VICTORIA NARE KARAPETIAN
"If I could not devote myself to what I am passionate about, life would lose meaning."
Victoria Nare Karapetian was born in Armenia, Erevan in a humble and educated family. Her childhood and adolescence passed between moving and moving. At eight years old, she and her family moved to Krasnodar, Russia for a job offer to her stepfather. After two years of living there, they returned to their hometown. After the next two years and in search for a better future, they decided to move again from their country, this time it was to Buenos Aires, Argentina. Her biological father left her when she was just one year old, at age four her mother married her stepfather who adopted her by giving her the last name Karapetian. The feeling of being nomad was what marked her childhood and adolescence. Once in Buenos Aires, without knowing how to speak Spanish and being 14 years old she easily adapted to customs and quickly learned the language. There she studied the career of Fashion Designer and devoted herself to it for 12 years. Although she chose this career, she never fully committed herself to exercise it. Her dream was to be an artist. Her adolescence was very difficult since she had to work from an early age, that is, from the age of 14 to help her family financially. She still remembers how she studied in the subway while traveling to work. “Work and study,” this is how her sweetest years of youth went by obligation after obligation. Her life took on a positive turn when in 2010 she met her current husband Martin Llamedo, who helped her to enter the Figurative Art world, which is her passion. It was when her husband Martin Llamedo taught classes in Buenos Aires and she allowed herself to start taking classes with him. Her talent was instantly noticed, as she quickly improved her technique and her ideas from the beginning appeared to be interesting.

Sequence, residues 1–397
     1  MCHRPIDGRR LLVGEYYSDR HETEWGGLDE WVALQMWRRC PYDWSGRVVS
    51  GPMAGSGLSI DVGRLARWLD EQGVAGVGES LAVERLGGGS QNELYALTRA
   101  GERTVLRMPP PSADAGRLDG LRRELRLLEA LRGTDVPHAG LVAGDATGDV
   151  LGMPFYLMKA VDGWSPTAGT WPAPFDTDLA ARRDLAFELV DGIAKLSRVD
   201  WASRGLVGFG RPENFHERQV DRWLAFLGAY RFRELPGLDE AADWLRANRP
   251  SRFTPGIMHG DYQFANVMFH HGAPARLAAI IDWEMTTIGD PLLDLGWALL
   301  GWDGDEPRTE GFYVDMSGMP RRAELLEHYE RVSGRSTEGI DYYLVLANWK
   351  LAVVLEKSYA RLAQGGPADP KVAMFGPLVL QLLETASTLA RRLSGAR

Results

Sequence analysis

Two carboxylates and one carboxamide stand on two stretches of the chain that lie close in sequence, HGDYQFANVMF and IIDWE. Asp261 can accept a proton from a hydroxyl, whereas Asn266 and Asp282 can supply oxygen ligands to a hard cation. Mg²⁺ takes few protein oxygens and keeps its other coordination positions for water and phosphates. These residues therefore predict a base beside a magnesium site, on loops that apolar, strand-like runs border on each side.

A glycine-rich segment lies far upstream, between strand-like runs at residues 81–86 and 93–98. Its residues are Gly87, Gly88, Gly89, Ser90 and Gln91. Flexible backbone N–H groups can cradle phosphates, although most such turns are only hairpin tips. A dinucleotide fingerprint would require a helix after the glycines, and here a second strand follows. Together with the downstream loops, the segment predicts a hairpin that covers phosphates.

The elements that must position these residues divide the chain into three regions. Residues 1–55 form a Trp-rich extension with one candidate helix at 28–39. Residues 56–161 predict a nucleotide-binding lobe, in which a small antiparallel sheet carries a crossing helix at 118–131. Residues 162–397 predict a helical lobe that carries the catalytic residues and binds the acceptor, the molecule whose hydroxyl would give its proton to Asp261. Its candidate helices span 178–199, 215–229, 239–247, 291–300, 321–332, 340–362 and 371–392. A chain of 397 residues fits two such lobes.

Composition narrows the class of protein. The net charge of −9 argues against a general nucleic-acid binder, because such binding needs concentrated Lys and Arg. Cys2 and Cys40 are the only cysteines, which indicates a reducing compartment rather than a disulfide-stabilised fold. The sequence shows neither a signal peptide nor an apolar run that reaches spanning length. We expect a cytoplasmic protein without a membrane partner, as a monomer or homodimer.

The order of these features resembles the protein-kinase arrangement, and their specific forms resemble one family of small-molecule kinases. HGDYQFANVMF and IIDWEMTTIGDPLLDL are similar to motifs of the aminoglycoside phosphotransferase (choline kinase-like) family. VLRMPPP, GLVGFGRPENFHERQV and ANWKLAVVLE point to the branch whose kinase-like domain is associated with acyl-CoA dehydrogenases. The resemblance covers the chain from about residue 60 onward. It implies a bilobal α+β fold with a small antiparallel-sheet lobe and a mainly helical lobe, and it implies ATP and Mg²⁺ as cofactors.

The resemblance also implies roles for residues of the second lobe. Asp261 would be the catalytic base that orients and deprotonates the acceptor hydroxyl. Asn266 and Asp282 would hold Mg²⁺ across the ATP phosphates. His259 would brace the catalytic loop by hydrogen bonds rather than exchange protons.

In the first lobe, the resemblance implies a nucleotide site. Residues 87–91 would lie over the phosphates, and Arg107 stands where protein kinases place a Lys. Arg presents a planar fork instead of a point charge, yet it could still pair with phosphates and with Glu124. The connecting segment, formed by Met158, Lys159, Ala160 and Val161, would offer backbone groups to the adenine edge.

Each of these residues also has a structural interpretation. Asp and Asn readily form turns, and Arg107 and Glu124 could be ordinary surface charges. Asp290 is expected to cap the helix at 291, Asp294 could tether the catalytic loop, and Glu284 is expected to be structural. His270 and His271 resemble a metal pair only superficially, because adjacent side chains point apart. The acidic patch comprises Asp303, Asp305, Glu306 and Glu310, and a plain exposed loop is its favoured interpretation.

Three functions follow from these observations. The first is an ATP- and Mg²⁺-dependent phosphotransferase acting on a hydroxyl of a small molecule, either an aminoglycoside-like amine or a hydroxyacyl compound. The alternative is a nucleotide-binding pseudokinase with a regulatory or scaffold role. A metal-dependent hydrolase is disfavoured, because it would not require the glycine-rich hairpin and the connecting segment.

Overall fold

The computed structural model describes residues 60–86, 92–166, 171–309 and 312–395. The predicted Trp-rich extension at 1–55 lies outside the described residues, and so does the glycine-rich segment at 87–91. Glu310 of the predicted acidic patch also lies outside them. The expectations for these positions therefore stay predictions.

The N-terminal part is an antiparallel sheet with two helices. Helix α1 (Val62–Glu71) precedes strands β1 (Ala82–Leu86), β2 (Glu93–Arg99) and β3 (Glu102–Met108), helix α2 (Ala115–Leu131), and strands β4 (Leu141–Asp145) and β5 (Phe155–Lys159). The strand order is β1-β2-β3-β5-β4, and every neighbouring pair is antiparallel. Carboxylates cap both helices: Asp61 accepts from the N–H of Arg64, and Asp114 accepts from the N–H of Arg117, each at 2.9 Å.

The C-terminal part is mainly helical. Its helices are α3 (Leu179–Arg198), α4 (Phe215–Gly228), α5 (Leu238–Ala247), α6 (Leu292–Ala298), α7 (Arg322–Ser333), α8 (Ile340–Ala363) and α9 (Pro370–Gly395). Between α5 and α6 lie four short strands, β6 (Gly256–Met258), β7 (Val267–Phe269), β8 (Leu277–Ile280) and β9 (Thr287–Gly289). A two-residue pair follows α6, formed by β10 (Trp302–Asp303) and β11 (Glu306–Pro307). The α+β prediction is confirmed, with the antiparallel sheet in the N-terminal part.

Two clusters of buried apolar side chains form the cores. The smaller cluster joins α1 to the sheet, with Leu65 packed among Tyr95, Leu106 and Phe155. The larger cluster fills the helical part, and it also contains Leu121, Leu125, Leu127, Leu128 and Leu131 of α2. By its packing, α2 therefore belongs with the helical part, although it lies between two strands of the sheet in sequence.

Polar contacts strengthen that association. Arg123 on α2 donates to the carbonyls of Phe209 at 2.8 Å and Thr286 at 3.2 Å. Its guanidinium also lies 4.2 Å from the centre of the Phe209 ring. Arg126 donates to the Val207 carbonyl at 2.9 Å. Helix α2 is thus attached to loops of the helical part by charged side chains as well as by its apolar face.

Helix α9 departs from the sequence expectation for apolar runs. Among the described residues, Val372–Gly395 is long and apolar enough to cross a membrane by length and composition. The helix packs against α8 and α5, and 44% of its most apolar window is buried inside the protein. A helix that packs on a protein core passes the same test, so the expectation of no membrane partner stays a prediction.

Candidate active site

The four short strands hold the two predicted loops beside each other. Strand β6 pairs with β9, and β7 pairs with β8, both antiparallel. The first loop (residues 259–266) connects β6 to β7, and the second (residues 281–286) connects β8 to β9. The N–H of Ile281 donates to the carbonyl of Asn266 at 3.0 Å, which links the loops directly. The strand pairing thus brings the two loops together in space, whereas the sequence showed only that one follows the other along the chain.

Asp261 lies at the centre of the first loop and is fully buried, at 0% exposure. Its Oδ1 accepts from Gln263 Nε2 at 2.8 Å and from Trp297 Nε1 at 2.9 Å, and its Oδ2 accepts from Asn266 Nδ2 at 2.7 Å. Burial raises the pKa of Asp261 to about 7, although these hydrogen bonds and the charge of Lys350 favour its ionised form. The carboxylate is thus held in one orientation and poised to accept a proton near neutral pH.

More than two years ago they moved to Spain, they decided to do so, partly for work reasons and partly because of the chaotic economic/political situation in which Argentina was in. In Spain, she lived for two years in Madrid and recently resides in Barcelona. Victoria is an extremely sensitive, noble and generous person. She has shown great talent in the figurative arts considering she has been devoted to it for only five years. At the moment she is in search of representation, although her artistic production is not abundant yet.
Her style is figurative realistic, mostly always containing the human figure. In each work, she tries to leave a trace of her essence. In each brushstroke a fragment of her life experience, of her aura. For Victoria, an art piece cannot be merely a technical demonstration, it has to have a touching and consistent idea, a footprint that characterizes the artist, that makes it unique, that leaves the viewer reflecting and is not simply a beautiful piece of decoration.
Victoria’s artwork has the power to bring your own shadow side to the surface, and at the same instant moment it transmutes it into light. A light we all carry and through her art she brings it through you. It’s the details, the silences, the treasures and many stories at the same time. Just like that. Her artwork offers you the opportunity to relive a past that you never had but that somehow you recognize. Her art invokes in you a peculiar feeling of familiarity in the midst of a strange life…and quite frankly, all is fine.
Q. What role does the Artist have in society?
A. I think that the artist is a kind of alchemist who persists, in our virtual times and advanced technologies, in turn, intends to preserve the roots. The painting, the drawing conceived them as essential to the human being. It is the approach to the pure, as we did in our childhood, to the essential and the creative. In some way, it is the expression of the soul. As are all artistic disciplines.
Q. What’s your best childhood memory?
A. My memories of when I went to kindergarten at the hands of my grandmother, who was a pillar for me from an early age.
Q. As a child, what did you wish to become when you grew up?